In December 2010, the World Health Organization (WHO) endorsed the use of a new DNA-based test for tuberculosis (TB), the Gene Xpert . This test is expected to revolutionise the care of TB and, especially, multidrug-resistant (MDR)-TB, by providing accurate diagnoses in less than 2 h . As healthcare professionals begin to incorporate rapid TB testing into clinical practice, questions about the need for informed consent will inevitably arise. Yet, despite decades of debate about informed consent to HIV testing and screening , informed consent to TB testing and screening has received virtually no discussion in the ethical or legal literature.
In this editorial, we argue that, in most situations, TB testing and screening does not require a specific informed consent process, but that patients should be notified about testing and given the opportunity to object. If an objection is raised, the burden should be on those proposing coercive testing to show that the expected public health benefits are sufficient to justify overriding the individual's choice. We conclude by identifying limited circumstances in which specific informed consent to TB testing should be required.
When the HIV diagnostic test was first developed, many jurisdictions enacted laws requiring written informed consent to testing . The rationale was that HIV was untreatable, and individuals who tested positive faced a significant risk of stigmatisation and discrimination . Moreover, because HIV was not transmissible by casual contact, the public health rationale for facilitating testing was weaker than with more easily transmissible infectious diseases.
As HIV has become more treatable and less stigmatised, policy makers have begun to shift their approach. In 2006, the US Centers for Disease Control and Prevention (USCDC) recommended that HIV testing should routinely be performed in all healthcare settings . According to the USCDC, patients should be informed that they will be tested for HIV and given the opportunity to opt out, but specific informed consent to testing should not be required . In the 2 yrs following the release of these recommendations, nine states changed their legislation to permit opt out HIV testing . A 2007 report by WHO and the joint United Nations Programme on HIV/AIDS stopped short of recommending HIV testing without an explicit consent process, but it encouraged providers to offer HIV tests routinely and to encourage patients to consent . The report also emphasised that consent to HIV testing need not be in writing .
In contrast to HIV, most guidelines on TB treatment, including the civil society-initiated Patient's Charter for Tuberculosis Care , do not even mention the issue of informed consent to testing. One exception is a 1997 document from the British General Medical Council, which stated that doctors must obtain informed consent before testing for any “serious communicable disease,” including TB . However, following criticism , the document was withdrawn  and replaced with a more general statement on the role of informed consent in medical practice, which does not specifically mention any communicable disease . While no official guidelines explicitly state that TB testing may be performed without consent, some opponents of requiring specific consent to HIV testing have pointed to TB as an example of an infectious disease for which informed consent to testing is not commonly sought .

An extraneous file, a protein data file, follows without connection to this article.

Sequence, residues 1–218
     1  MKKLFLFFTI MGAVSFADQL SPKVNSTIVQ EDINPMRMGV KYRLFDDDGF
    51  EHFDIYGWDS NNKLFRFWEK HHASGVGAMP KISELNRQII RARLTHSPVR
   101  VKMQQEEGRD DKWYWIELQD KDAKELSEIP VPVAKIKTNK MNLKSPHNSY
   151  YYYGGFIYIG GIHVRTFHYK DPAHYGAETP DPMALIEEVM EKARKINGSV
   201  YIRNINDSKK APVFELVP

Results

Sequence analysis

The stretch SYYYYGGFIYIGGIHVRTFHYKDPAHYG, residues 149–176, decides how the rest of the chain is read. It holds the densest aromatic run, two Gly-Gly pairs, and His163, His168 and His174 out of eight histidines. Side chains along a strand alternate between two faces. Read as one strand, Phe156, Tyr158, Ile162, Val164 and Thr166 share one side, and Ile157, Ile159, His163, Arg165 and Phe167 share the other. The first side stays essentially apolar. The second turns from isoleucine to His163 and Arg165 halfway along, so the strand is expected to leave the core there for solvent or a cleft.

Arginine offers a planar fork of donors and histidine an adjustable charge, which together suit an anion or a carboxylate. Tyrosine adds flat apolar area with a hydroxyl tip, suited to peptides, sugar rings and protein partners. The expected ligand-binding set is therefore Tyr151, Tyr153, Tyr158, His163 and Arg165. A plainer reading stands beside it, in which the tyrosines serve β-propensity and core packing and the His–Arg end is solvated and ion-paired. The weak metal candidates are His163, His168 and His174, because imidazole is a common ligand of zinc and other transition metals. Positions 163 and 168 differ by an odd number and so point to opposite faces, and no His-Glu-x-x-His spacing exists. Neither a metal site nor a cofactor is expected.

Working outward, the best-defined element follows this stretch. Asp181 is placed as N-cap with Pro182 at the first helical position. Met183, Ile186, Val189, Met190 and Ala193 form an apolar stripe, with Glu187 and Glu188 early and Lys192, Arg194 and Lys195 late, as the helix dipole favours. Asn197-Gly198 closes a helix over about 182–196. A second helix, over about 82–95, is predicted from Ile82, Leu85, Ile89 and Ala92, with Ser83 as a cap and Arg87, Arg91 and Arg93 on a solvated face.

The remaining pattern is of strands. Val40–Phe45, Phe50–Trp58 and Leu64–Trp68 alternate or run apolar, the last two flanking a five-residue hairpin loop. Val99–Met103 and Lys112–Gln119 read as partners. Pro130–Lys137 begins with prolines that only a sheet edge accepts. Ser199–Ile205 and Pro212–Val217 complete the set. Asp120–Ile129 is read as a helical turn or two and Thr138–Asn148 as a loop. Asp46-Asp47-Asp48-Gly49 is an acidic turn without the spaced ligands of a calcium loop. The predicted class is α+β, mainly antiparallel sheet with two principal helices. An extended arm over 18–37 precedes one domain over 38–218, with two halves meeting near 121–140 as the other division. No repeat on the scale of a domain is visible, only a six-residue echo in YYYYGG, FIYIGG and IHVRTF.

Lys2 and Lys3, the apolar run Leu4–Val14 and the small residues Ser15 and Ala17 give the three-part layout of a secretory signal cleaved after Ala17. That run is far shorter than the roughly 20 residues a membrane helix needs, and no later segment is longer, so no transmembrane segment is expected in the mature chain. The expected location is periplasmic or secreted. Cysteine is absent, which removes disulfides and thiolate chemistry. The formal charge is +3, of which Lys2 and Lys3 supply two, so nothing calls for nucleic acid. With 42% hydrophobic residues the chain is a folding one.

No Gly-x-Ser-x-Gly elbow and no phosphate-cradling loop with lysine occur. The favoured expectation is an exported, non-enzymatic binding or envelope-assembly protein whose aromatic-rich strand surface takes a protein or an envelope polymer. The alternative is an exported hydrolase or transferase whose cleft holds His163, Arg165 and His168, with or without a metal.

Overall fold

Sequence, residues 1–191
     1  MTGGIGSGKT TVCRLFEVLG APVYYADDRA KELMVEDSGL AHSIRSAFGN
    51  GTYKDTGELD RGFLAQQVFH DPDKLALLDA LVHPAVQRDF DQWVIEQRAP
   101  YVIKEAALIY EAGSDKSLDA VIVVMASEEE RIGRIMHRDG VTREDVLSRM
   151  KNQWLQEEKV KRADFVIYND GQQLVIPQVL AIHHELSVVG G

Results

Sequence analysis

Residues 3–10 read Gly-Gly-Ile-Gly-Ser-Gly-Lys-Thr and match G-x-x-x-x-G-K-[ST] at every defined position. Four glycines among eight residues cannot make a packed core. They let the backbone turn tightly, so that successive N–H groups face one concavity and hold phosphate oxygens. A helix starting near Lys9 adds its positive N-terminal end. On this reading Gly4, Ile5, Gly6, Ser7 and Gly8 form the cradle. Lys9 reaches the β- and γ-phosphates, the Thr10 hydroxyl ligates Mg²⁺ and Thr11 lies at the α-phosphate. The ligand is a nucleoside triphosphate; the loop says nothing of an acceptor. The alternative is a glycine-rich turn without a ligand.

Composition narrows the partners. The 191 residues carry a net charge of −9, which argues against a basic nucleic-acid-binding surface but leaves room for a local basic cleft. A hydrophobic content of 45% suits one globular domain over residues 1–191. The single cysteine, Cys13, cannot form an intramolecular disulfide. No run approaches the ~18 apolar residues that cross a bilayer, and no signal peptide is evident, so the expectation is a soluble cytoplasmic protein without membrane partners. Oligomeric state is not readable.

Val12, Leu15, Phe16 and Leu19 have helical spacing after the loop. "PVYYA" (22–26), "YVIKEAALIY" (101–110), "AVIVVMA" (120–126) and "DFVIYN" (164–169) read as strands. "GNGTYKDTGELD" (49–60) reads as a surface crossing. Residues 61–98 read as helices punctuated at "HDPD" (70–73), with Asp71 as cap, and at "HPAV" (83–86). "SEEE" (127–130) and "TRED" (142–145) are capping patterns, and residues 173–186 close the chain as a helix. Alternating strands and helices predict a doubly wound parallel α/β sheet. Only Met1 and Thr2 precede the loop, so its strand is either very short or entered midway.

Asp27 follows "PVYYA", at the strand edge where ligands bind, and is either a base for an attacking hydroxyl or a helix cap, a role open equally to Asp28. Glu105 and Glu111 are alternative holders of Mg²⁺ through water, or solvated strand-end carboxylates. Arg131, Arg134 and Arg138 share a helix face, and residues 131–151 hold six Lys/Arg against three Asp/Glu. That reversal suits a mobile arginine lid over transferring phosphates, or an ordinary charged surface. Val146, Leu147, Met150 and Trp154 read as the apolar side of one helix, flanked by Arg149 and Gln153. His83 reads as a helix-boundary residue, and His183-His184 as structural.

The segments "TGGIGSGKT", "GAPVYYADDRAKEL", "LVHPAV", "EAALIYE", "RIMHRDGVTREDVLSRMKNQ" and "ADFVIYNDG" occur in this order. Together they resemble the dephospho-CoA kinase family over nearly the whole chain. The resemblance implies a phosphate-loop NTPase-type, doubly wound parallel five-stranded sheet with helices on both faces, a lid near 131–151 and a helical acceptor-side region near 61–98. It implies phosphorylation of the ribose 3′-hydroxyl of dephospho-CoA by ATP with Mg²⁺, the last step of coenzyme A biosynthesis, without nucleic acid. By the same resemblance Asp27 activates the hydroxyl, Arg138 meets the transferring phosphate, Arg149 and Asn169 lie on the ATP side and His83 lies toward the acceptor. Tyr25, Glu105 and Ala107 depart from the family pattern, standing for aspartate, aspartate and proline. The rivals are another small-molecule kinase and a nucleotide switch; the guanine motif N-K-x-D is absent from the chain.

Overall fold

A FRAMEWORK FOR INFORMED CONSENT TO TESTING AND SCREENING
In order to determine the role that informed consent should play in TB testing and screening, it is necessary to reflect on the normative bases of informed consent to diagnostic testing generally. At one extreme, one might argue that, because informed consent is grounded in the principle of bodily integrity, it applies only to physically invasive procedures. Under this view, consent might be necessary for diagnostic procedures involving bodily invasions, but not for noninvasive procedures such as sputum samples collected through expectoration. Moreover, once the patient's biological material is obtained, no further consent would be required to analyse the sample. This view has some support in the laws of particular jurisdictions; for example, in New York State (USA), a malpractice claim based on lack of informed consent is available for diagnostic procedures only if the procedure “involved invasion or disruption of the integrity of the body” [13, 14]. As an ethical matter, however, this position ignores the fact that the goal of informed consent is to protect the patient's autonomy, and autonomy can be violated even if no bodily invasion occurs.